Why do women in India wear the red dot (bindi) on their foreheads

By admin - January 05, 2013

Image: fineartamerica.com
Bindi, the red dot adorning the forehead of women in India is many things in one. The little dot has traveled miles from old traditions to modern style – from sindoor (sandal) and kumkum (red turmeric) to its self adhesive and jeweled avatar – from being an exclusive accessory of a married Hindu woman to a treasured ornament of the whole fashion loving female tribe.
Bindi takes its name from Sanskrit word “bindu” which means a small dot. Traditionally, the name fitted but a modern bindi flaunts shapes that are far from being round. The customary redness of the dot has also exploded into an array of colors.
The base of the bindi is generally a thin metal with an adhesive on one side. But the tiny base can hold intricate designs that are limited only by designer’s imagination.
It’s worn on the forehead, between the eyebrows. The place has special spiritual significance. It’s considered to be the position of Ajna Chakra which represents intellect and intuition – also referred as third eye or inner teacher. In Vedic times, a bindi was used by both men and women to worship intellect. Today too, Hindu men wear a kumkum bindi while offering prayers. The place between the eyebrows is also considered to be the exit route of powerful Kundalini energy therefore in yogic practices a bindi is used as a block to this exit – to preserve the Kundalini.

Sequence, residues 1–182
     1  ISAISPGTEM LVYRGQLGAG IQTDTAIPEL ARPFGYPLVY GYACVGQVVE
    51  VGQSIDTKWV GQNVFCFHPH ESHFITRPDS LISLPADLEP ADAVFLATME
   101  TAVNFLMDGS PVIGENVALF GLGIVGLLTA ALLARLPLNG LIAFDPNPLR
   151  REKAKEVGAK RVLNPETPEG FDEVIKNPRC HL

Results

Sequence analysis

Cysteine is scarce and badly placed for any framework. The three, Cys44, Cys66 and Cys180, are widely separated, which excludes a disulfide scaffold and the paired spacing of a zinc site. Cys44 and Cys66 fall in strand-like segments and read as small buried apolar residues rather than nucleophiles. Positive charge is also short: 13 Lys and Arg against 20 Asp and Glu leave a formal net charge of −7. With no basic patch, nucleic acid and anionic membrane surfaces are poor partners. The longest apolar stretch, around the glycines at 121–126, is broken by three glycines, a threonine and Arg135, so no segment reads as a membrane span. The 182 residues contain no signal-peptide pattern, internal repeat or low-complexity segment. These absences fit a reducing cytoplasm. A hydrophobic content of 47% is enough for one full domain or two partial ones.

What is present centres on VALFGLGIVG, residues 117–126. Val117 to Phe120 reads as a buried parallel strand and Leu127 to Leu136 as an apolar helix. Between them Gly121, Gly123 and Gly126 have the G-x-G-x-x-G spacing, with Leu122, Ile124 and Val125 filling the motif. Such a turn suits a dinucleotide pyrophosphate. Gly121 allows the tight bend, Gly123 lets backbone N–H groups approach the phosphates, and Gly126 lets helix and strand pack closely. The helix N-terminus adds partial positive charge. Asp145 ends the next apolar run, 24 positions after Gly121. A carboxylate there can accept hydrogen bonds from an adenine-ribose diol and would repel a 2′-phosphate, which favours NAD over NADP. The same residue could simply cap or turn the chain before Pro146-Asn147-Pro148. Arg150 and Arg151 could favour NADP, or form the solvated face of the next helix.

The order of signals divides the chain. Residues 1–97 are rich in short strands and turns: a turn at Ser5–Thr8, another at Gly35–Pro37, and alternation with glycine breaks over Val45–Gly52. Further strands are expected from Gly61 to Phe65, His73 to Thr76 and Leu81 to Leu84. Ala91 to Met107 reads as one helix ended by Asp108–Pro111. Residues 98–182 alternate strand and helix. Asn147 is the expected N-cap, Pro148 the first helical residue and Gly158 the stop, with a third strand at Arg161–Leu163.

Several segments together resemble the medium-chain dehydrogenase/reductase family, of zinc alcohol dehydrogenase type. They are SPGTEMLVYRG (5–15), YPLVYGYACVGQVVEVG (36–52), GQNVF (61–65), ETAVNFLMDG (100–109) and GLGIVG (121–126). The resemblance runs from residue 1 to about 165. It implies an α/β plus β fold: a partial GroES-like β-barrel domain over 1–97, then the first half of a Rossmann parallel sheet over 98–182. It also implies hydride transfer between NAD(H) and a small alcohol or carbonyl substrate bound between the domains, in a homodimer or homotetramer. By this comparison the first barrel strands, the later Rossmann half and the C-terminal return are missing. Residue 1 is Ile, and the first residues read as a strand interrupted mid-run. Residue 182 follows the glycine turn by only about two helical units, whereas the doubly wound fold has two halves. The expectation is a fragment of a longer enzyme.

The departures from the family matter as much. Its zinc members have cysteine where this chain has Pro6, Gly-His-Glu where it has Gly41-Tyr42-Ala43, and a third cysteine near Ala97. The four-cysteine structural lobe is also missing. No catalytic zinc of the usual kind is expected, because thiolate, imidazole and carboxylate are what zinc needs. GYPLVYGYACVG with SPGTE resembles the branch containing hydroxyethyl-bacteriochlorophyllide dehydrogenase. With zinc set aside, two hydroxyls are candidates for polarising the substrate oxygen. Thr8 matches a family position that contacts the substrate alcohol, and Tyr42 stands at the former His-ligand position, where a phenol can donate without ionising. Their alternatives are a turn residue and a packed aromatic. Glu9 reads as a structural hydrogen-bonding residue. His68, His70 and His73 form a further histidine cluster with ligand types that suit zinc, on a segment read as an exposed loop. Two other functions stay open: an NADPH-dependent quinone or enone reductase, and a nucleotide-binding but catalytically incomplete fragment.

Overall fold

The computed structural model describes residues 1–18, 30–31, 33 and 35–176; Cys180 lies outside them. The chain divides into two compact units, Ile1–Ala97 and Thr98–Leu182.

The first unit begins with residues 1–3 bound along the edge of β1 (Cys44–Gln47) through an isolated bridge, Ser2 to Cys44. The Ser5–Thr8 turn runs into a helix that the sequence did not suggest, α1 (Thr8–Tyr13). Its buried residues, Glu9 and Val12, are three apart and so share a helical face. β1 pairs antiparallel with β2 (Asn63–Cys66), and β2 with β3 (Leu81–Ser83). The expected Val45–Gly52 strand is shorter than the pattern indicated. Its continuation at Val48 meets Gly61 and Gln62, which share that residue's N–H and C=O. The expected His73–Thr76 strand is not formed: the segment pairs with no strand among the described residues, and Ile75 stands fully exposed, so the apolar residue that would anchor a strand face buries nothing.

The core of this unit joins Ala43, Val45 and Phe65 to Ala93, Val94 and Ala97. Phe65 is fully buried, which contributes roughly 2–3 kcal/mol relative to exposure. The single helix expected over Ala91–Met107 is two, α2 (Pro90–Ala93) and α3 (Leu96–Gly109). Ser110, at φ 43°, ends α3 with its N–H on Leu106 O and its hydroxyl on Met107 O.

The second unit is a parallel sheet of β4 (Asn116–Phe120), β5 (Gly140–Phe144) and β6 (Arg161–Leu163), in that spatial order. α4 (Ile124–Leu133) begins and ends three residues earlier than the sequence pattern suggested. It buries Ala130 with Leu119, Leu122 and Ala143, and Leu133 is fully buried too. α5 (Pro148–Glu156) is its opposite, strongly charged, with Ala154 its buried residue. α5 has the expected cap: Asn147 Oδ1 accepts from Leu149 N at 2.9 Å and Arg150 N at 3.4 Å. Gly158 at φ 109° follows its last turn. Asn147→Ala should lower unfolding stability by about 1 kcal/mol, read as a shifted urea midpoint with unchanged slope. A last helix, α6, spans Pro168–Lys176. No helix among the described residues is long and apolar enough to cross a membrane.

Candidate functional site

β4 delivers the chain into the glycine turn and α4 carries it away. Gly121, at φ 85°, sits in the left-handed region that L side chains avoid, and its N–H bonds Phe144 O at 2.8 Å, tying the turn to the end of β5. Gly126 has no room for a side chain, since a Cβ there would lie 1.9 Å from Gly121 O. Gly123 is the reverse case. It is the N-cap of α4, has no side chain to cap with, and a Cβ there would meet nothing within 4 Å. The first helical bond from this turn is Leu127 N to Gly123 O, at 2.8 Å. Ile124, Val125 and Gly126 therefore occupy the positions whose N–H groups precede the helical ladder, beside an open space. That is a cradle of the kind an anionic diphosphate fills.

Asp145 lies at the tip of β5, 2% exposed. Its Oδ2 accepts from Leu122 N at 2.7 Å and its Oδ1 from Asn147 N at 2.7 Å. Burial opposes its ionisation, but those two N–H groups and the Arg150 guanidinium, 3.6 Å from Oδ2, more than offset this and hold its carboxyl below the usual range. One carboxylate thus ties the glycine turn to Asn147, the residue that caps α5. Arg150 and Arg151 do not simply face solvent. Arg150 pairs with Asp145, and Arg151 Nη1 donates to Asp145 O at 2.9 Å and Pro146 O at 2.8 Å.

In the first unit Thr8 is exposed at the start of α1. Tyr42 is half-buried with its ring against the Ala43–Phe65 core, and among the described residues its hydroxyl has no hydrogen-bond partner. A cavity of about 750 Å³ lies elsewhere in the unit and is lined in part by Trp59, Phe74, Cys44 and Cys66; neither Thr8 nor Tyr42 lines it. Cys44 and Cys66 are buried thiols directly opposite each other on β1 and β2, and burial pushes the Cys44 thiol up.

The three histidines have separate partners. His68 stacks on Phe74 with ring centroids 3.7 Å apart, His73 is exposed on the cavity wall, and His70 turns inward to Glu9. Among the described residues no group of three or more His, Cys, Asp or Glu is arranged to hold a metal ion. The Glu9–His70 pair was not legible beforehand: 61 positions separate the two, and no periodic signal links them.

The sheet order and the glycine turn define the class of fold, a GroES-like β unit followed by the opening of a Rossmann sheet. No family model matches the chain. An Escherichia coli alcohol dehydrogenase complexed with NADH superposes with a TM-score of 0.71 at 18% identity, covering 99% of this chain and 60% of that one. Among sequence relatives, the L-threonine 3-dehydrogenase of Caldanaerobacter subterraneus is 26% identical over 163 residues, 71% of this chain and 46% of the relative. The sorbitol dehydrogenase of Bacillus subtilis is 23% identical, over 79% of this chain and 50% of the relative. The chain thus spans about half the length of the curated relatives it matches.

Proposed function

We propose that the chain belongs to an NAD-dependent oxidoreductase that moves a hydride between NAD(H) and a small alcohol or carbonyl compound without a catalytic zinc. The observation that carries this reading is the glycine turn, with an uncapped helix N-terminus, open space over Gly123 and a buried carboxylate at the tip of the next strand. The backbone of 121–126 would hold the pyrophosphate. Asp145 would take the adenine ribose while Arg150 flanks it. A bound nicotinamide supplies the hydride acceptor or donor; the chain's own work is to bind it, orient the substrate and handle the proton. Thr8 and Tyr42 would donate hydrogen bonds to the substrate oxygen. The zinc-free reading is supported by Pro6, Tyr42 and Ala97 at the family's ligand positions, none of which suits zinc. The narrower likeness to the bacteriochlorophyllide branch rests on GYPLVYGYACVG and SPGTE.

For women, in many parts of India, bindi continues to be seen as an indication of married status. Rude traditions expect a widow’s forehead to be dot-less – a plain and constant reminder of what she has lost. In some parts of India, young girls are expected to wear a small red dot as a symbol of their feminineness.
In urban India, particularly among working women, bindi is a choice. Women of all ages can wear it if and when they choose to. In whatever color, size, shape, and design that they like. Usually, it’s worn with ethnic attire – sari or salwar-kameej. You’ll rarely find someone in western wear sporting a bindi.
For Hindu brides, bindi is a must have accessory. They can get special bridal bindis that are not only worn between the eyebrows but also as adornment around the eyes. Some bridal bindis even come silver or gold plated and are decked with glass beads, sequins or semi-precious stones. Bollywood aficionados can even find bindis named after their favorite actresses.
The power and influence of Bindi on Indian women doesn’t end there. They also make an extremely popular gift among women in India, especially in north.
Defining a bindi is a challenging task for this little dot symbolizes love, romance, fashion, spirituality, prosperity, and a whole lot more.

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